So, what makes a good “girl book”?
Andrew Klavan likes to say (and I don’t have an exact quote because I can’t find it in print and I don’t want to wade through 450 podcast episodes) that human beings are most drawn to stories in which men are brave and women are loving. This isn’t to say that men can’t be loving and women should be cowardly—a simpering protagonist with an unfeeling muscle-man love interest would make any book deeply unsatisfying. A different way of phrasing Klavan’s idea is that stories are most satisfying when men display masculine bravery and love, and women display feminine bravery and love.
And so, to define what makes a satisfying girl book, we need a quick discussion on masculinity and femininity.
***Seriously, I’m about to start talking about gender roles here, so get out while you still can!***
I’ve found that the best primer on these topics is this baby right here:
My generation loves to hate on this document because (among other things) it affirms that men and women are different and have different roles in God’s plan. But I firmly believe it is inspired, revealed to a latter-day prophet as a pattern for how to live our lives. Following it as well as we can will bring us happiness in this life and the next.
The Proclamation clearly indicates that God designed men to be providers and protectors and women to be nurturers. Obviously we are all individuals with different abilities and circumstances, but I believe the greatest joy results from striving to fulfill these roles. And just as this is the ideal pattern for family life, in my experience, it’s also makes for the most satisfying fiction.
One of my (many) beefs with Peter Jackson is that he messed up big time in his portrayal of Éowyn. The point of her story isn’t that she picked up a sword and saved the day, slashing traditional gender roles in the process; the point is that she did all these things and she still wasn’t happy. Only when she falls in love with Faramir and resolves to be “a healer, and love all things that grow,” does she truly find peace.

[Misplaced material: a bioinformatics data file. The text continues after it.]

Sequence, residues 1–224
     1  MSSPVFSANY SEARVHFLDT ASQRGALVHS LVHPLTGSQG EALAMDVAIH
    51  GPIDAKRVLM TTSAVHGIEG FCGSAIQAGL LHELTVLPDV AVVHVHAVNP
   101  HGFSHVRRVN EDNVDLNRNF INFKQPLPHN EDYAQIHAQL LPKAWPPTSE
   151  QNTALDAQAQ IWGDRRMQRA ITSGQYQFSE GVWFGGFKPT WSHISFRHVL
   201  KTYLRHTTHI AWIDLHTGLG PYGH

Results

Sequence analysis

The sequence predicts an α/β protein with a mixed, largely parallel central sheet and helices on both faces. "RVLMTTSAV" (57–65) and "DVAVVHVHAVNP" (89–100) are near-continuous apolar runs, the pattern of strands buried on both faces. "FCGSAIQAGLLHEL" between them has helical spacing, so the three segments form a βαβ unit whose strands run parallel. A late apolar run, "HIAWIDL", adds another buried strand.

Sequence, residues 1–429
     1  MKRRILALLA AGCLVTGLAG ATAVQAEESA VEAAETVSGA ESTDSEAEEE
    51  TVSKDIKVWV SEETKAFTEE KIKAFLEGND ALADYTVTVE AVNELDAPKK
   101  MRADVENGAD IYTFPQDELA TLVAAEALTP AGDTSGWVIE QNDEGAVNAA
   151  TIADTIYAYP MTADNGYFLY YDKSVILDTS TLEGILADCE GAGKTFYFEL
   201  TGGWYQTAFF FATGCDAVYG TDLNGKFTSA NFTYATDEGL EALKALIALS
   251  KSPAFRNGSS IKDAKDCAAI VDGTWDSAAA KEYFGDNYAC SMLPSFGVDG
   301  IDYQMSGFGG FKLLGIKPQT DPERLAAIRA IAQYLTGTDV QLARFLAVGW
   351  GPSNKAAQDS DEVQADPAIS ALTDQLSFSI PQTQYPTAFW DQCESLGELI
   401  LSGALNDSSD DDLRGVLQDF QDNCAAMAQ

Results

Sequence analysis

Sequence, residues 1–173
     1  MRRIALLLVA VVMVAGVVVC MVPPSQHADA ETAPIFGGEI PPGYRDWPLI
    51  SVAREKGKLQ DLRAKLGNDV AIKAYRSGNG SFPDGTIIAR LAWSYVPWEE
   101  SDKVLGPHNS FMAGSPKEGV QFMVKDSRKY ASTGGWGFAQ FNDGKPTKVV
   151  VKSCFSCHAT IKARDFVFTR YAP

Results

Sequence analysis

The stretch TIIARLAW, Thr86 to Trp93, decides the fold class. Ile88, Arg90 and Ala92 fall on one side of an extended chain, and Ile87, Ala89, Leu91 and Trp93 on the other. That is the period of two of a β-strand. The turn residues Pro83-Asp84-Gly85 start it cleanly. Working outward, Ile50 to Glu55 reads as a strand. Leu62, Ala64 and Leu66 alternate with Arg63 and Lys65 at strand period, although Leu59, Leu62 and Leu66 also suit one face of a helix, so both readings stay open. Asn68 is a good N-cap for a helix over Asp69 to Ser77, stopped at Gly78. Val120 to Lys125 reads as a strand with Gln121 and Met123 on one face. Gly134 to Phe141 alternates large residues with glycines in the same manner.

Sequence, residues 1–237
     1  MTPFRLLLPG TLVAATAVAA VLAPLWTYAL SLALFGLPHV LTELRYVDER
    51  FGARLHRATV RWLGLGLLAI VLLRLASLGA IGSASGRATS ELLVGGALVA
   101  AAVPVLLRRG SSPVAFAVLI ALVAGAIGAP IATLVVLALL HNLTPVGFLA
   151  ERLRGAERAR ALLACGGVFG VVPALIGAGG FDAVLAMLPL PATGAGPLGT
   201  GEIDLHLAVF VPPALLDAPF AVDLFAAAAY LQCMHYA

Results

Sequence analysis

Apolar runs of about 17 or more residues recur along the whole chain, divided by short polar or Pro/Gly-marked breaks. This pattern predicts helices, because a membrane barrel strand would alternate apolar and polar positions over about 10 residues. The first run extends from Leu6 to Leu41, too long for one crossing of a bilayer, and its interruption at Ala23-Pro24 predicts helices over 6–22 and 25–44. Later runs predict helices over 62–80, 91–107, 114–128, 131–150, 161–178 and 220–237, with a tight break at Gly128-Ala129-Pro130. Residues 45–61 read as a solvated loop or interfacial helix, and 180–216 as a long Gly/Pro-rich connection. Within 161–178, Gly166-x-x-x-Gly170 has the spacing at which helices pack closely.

We need more books that feature strong, loving, nurturing female protagonists and encourage their readers to develop these traits. And the books that already do this need more praise and attention, which I hope to bring them through this series.
Which books qualify?
Here are my criteria for the books in this series:
- It must have a prominent female viewpoint character.
- It has to be entertaining and well-written enough to hold my attention.
- It features “men who are brave, and women who are loving” as defined above.
Each post in this series will feature a book that I think fits these criteria. You might disagree with me on which books qualify—heck, the authors of these books might think I’m totally crazy. But if my high school English teachers taught me anything, it’s that authors’ opinions don’t matter!
…pfffffft. Hahaha. Yeah, I don’t believe that, either. But I do believe it’s possible to take something away from a book that the author didn’t necessarily intend to put there, and that may well be the case here.
The point is, if you disagree, I’d love to hear your thoughts on the subject. And I’m always looking for book recommendations, so if you have a favorite girl book, please let me know!